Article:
Duration of sleep increases while sleeping difficulties decrease after retirement
When people retire from work life, they sleep approximately 20 minutes longer than before retirement. The quality of sleep also improves, as retired people experience fewer early morning awakenings or nonrestorative sleep, unlike those in their last working years.
Researchers at the University of Turku, Finland, along with their collaborators, discovered that self-reported duration of sleep increased approximately 20 minutes after retirement, and stayed on the achieved level for years after retirement. Duration of sleep increased especially for people who reported sleep difficulties or were heavy alcohol users prior to retirement. The duration of sleep increased the most for people who did not get enough sleep during their employment, and they slept 45 minutes longer during their retirement.
"A sufficient amount of sleep is very important for our health and functioning. Individuals have different needs of sleep, but it is recommended for people over the age of 65 to sleep for 7-8 hours a night. Retiring enables people to sleep longer, as work schedules no longer determine the times for sleeping and waking up," says doctoral candidate Saana Myllyntausta from the University of Turku, whose dissertation research is part of the study.
During their last years of employment, sleep difficulties were experienced by 30 percent of subjects. After retiring, only 26 percent were experiencing sleep difficulties. The researchers discovered that among different kinds of sleep difficulties, people experienced the greatest decrease via early morning awakenings and nonrestorative sleep, in which a person experiences tiredness and fatigue after sleeping for a regular duration. Sleep difficulties decreased especially among people who reported their work as stressful, and their health as poor before retirement. Sleep difficulties decreased the most for people who experienced psychological distress before retirement.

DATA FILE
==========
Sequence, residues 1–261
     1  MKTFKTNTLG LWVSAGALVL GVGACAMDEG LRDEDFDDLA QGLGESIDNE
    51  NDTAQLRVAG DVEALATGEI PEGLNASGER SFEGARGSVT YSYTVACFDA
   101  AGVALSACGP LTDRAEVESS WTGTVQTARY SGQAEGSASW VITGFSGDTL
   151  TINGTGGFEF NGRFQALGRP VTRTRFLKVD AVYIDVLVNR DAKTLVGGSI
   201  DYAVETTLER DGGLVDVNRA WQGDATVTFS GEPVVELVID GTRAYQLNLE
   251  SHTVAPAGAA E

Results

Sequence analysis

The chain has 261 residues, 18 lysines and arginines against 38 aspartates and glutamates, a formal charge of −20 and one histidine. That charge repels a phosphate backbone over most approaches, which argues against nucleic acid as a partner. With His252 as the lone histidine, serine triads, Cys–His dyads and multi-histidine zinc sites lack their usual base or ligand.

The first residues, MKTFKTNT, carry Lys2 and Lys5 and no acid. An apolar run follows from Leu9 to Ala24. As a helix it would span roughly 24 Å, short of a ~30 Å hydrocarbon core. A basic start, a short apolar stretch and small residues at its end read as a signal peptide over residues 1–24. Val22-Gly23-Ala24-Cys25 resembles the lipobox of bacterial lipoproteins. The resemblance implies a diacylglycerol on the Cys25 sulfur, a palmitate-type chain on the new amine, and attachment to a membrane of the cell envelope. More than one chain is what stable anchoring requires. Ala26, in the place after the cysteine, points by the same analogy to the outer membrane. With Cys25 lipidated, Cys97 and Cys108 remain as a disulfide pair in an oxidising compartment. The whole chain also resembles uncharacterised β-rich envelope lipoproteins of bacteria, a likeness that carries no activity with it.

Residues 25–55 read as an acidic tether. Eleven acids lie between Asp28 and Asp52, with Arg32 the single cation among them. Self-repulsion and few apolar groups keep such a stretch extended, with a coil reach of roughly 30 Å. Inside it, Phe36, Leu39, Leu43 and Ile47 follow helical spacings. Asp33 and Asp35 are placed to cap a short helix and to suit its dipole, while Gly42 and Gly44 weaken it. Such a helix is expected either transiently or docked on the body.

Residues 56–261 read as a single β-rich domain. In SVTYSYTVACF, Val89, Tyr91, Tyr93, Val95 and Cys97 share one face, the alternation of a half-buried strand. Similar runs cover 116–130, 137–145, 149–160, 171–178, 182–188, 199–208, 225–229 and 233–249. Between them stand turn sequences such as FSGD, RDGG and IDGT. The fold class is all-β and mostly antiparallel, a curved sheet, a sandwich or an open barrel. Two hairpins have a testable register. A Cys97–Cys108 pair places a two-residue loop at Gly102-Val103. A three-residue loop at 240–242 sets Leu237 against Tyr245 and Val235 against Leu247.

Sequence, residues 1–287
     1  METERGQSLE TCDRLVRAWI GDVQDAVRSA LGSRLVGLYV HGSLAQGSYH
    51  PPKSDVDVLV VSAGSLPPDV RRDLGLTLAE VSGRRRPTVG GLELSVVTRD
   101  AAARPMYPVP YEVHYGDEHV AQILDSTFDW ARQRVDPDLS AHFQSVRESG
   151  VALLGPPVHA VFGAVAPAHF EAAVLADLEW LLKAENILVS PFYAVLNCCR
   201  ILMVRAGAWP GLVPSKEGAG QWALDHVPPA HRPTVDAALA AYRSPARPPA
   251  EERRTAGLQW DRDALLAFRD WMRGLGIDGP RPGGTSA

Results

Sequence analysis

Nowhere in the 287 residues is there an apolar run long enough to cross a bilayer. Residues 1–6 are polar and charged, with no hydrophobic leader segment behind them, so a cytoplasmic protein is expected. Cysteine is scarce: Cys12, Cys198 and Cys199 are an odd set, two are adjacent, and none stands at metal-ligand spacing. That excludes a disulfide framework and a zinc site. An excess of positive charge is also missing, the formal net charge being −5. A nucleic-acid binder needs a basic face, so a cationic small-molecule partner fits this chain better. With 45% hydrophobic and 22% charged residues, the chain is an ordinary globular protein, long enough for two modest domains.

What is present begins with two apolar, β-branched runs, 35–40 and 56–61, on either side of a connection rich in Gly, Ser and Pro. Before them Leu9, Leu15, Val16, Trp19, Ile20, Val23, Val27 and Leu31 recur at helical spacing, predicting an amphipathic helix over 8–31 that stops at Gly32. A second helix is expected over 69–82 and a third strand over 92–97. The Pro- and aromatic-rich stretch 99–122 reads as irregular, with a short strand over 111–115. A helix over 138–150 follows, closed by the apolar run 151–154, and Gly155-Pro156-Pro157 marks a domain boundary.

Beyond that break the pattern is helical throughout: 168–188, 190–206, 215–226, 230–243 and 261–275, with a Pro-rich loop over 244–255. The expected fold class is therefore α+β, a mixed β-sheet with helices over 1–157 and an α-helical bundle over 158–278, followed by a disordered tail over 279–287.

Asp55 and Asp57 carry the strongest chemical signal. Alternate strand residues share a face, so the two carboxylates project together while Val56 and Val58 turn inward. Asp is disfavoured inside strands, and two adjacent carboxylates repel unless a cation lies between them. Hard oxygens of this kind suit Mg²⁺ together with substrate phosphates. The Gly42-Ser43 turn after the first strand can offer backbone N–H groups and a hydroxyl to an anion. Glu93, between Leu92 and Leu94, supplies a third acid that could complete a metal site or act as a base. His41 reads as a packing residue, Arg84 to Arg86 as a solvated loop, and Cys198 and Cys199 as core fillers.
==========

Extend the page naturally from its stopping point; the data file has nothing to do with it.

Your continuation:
"For example, work-related stress is known to disturb sleep. One reason for the decrease in sleeping difficulties during retirement could be the removal of work-related stress," says Myllyntausta.
The study followed approximately 5,800 people who participated in the Finnish Public Sector study by the Finnish Institution of Occupational Health and who retired on a statutory basis in 2000-2011. The participants estimated their sleep duration and the prevalence of different kinds of sleep difficulties in surveys before and after retiring.
More information: Saana Myllyntausta et al, Changes in Sleep Difficulties During the Transition to Statutory Retirement, Sleep (2017). DOI: 10.1093/sleep/zsx182